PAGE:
Do you have arthritis, or do you have arthralgia? Many medical organizations use either term to mean any type of joint pain. Mayo Clinic, for example, states that “joint pain refers to arthritis or arthralgia, which is inflammation and pain from within the joint itself.”
However, other organizations make a distinction between the two conditions. Read on to learn more about their characteristics.
Some health organizations distinguish between the terms arthritis and arthralgia.
For example, the Crohn’s & Colitis Foundation of America (CCFA) defines arthralgia as "aching or pain in the joints (without swelling).” Arthritis is “inflammation (pain with swelling) of the joints.” The CCFA notes that you may experience arthralgia in different joints in the body, including the hands, knees, and ankles. It also explains that arthritis can cause joint swelling and stiffness as well as joint pain like arthralgia.
Similarly, Johns Hopkins Medicine defines arthritis as an “inflammation of a joint” that causes "pain, stiffness, and swelling in joints, muscles, tendons, ligaments, or bones.” Arthralgia is defined as “joint stiffness.” However, its symptoms also include pain and swelling — just as with arthritis.
Organizations who define arthritis and arthralgia as separate conditions distinguish between whether your symptoms involve pain or inflammation. The CCFA notes that you may not always be diagnosed with arthritis when you have arthralgia. But the opposite doesn’t hold true — if you have arthritis, you can also have arthralgia.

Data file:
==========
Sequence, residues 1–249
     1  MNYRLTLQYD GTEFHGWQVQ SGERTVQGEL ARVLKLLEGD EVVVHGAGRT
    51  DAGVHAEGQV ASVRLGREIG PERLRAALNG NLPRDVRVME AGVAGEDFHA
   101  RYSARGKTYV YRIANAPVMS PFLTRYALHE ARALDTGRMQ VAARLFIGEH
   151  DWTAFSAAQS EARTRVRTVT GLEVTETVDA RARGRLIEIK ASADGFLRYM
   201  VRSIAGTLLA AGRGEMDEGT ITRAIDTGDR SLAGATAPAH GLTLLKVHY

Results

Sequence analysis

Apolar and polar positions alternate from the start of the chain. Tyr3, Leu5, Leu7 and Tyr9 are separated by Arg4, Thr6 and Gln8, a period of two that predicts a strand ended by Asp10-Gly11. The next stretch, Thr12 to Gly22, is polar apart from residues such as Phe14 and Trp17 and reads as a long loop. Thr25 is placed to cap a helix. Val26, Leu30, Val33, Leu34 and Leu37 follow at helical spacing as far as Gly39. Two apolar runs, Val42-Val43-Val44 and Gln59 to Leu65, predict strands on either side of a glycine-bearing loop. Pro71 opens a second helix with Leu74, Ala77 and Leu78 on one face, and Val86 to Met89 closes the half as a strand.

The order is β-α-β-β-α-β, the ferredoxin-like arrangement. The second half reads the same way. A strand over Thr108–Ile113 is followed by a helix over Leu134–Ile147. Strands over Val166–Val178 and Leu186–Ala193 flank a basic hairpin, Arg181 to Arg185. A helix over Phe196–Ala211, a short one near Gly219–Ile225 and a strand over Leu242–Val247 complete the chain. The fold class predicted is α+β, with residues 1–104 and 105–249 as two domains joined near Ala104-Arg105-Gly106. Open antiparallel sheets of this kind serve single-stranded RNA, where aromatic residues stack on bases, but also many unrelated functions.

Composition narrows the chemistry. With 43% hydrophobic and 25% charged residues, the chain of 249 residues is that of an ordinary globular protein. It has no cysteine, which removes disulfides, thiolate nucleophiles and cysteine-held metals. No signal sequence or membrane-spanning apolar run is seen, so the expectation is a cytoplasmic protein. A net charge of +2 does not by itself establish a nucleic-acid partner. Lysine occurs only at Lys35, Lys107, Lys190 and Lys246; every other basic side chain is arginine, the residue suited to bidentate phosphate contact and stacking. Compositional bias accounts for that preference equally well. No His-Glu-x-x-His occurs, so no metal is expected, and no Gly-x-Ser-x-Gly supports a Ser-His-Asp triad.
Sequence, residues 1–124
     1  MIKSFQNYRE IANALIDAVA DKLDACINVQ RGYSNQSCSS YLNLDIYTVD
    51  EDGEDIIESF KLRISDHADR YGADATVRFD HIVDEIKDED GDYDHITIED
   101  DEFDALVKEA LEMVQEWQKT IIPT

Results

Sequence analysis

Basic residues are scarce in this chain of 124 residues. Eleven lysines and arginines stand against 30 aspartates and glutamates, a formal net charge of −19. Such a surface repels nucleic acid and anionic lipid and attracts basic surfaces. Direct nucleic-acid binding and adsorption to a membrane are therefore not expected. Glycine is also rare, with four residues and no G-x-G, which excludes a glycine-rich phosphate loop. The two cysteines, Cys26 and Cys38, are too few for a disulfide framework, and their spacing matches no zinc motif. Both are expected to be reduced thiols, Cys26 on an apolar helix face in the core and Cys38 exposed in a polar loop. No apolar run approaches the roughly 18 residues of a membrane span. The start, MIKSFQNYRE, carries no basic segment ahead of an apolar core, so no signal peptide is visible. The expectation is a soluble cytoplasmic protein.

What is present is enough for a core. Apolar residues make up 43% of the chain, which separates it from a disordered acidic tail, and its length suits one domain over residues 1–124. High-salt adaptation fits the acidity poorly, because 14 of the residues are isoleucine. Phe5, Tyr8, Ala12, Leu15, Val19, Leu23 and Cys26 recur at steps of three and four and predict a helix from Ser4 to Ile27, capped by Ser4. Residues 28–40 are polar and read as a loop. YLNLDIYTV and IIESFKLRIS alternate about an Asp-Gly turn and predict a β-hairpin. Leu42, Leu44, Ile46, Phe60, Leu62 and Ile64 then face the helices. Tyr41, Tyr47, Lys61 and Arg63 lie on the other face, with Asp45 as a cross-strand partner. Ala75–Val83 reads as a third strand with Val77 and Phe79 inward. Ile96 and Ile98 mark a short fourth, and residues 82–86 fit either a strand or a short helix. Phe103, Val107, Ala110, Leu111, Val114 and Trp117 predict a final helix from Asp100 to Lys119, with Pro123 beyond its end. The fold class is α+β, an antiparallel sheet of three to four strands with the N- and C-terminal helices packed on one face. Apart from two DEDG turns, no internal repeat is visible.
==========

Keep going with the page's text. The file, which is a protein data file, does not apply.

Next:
Symptoms of these two conditions can overlap. For example, both conditions can present symptoms such as:
- joint pain
- reduced ability to move your joints
These are usually the only symptoms of arthralgia. Arthritis, on the other hand, is mainly characterized by joint swelling and can be caused by underlying conditions such as lupus, psoriasis, gout, or certain infections. Additional symptoms of arthritis can include:
- joint deformation
- loss of bone and cartilage, leading to complete joint immobility
- intense pain from bones scraping against each other
Causes and risk factors
The joint pain caused by arthritis can be a result of:
- complications from a joint injury
- obesity, as the excess weight of your body puts pressure on your joints
- osteoarthritis, which causes your bones to scrape each other when the cartilage in your joints wears away completely
- rheumatoid arthritis, in which your immune system wears away the membrane around your joints, leading to inflammation and swelling
Arthralgia has a much wider variety of causes that aren’t necessarily linked to arthritis, including:
When to seek medical attention
Over 20 percent of adults in the United States have diagnosed arthritis, according to the Centers for Disease Control and Prevention. But it’s not always easy to tell whether you have arthritis, arthralgia, or another health condition.